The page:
While debt relief is undeniably beneficial to the third world, the fact that Russian-owned debts constitute a mere fraction of all foreign-owned debts in most cases means that the act of writing debts off cannot achieve much in of themselves. Consequently, in several countries, the gesture is mostly a PR move. In the case of Afghanistan, where Russia was the largest creditor due to loans handed out during the 1980’s, Kabul had for decades refused to recognise the debt. The decision to forgive the debt was therefore more of a signal of a desire to improve relations than any hope to achieve instantaneously tangible rewards.

The largest stumbling block for the Kremlin’s efforts remain structural issues afflicting the indebted nations, the nature of which vary considerably from country to country. For example, while Russia has forgiven a majority of Iraq’s debt to the country, which in turn helped revive talks over potential oil contracts, the continued instability in the Middle Eastern nation makes it difficult to reap many benefits. Though it is true that Baghdad has continued to purchase Russian T-90 tanks and attack helicopters, this is more of a sign that Russia has partially managed to pivot Iraq away from the United States’ sphere of influence as opposed to gaining economically.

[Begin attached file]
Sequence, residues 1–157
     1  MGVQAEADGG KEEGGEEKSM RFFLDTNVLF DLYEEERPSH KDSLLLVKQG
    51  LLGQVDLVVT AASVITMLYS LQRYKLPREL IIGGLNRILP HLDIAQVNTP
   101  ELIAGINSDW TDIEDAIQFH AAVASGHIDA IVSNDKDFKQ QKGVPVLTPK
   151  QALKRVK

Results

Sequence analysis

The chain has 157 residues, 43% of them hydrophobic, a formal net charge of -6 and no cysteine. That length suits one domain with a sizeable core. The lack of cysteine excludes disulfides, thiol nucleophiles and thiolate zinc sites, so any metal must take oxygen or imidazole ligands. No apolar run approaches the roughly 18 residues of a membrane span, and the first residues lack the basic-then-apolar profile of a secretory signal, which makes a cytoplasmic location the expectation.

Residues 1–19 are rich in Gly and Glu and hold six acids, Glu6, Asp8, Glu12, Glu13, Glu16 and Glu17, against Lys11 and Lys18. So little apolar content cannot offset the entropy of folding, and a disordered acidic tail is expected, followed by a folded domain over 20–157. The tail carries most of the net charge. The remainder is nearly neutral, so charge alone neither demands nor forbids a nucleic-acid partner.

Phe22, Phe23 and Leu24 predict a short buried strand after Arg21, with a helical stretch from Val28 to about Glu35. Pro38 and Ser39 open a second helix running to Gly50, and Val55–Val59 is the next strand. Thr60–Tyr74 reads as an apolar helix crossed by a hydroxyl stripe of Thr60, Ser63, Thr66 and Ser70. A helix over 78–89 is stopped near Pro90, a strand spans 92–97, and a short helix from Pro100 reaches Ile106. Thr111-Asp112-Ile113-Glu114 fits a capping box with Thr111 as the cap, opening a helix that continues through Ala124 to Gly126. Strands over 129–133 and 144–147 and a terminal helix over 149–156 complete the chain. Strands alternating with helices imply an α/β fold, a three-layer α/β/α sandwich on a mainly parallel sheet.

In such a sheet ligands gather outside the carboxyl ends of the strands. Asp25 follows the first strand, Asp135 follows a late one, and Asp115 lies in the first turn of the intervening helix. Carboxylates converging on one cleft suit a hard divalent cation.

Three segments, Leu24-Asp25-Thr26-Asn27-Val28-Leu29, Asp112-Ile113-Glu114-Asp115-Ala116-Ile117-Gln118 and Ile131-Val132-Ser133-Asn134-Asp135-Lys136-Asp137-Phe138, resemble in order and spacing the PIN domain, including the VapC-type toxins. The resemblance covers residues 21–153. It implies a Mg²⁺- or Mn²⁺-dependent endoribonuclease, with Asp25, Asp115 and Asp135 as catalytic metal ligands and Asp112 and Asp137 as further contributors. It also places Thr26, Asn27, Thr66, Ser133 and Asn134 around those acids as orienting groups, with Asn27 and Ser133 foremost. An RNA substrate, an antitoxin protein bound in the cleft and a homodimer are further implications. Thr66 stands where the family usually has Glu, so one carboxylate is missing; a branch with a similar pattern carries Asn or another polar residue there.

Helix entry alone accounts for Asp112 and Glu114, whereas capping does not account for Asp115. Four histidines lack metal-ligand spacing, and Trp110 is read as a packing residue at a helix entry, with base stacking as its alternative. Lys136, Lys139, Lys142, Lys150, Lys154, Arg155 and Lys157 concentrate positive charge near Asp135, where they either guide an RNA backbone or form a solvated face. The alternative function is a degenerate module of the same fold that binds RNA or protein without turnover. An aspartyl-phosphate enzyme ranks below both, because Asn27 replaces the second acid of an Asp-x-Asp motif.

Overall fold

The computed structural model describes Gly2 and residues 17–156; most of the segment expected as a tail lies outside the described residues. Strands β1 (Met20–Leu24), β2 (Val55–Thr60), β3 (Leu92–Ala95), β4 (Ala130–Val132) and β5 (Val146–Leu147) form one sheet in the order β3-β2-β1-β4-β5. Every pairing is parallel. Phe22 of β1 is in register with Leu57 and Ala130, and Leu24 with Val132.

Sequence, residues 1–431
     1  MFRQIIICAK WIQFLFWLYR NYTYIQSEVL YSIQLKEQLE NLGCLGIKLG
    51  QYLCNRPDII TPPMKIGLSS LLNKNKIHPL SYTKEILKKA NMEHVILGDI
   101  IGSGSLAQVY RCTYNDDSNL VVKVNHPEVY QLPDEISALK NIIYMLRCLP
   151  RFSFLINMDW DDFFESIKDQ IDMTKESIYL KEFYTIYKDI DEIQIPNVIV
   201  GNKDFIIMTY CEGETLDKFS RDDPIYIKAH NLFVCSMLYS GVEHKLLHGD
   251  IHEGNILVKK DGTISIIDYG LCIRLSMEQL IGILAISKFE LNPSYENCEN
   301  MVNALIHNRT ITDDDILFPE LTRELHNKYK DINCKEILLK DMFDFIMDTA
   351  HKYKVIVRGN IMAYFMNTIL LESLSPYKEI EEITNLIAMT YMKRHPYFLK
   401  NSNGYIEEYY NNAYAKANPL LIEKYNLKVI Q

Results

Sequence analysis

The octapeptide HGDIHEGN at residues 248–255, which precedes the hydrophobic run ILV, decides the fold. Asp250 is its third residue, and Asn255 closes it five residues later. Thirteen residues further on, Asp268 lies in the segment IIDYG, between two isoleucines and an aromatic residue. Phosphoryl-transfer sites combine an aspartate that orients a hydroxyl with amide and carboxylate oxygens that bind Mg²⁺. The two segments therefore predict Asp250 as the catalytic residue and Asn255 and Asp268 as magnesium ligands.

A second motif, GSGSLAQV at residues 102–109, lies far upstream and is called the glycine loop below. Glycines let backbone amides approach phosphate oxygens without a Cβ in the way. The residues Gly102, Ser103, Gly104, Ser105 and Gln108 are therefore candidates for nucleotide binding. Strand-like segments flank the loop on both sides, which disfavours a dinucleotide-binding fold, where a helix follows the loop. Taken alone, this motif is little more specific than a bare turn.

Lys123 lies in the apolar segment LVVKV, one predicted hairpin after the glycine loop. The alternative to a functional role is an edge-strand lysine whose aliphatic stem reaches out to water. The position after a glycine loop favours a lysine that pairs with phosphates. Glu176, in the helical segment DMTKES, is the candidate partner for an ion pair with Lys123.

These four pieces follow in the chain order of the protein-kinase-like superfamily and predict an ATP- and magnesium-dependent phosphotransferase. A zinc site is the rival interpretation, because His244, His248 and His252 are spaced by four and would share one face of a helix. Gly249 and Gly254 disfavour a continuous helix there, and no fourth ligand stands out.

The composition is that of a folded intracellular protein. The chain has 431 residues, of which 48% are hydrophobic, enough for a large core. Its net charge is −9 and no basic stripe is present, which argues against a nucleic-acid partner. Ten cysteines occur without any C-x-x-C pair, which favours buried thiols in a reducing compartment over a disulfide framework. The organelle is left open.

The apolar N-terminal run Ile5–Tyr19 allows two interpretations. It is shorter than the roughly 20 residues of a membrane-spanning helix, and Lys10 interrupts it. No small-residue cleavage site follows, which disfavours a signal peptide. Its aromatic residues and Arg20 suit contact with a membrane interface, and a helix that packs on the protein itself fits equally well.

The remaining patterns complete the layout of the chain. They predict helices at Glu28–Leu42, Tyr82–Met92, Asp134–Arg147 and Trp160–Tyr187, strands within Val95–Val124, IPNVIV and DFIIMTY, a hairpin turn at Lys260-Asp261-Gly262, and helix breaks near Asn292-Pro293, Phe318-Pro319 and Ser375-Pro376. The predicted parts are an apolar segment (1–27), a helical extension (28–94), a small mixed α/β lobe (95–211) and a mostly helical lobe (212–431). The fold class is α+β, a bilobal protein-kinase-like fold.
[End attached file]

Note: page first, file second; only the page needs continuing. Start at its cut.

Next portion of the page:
With the onset of coronavirus, however, Russia might not be the leading debt forgiver for very long. In places such as sub-Saharan Africa, where economies are expected to continue shrinking while deficits are set to grow, other creditors could potentially step in and likewise forgive debts. In April of this year, G20 leaders agreed to extend debt relief in the form of a moratorium on debt repayment yet this can only serve as a short term solution. With many governments already increasing their borrowing, creditor nations are well positioned to leverage their position in order to improve geopolitical relationships as well as set the stage for favourable contracts for their firms. If more countries follow Moscow’s path, then the significance of what the Kremlin has done will only recede and lose much of its relevance.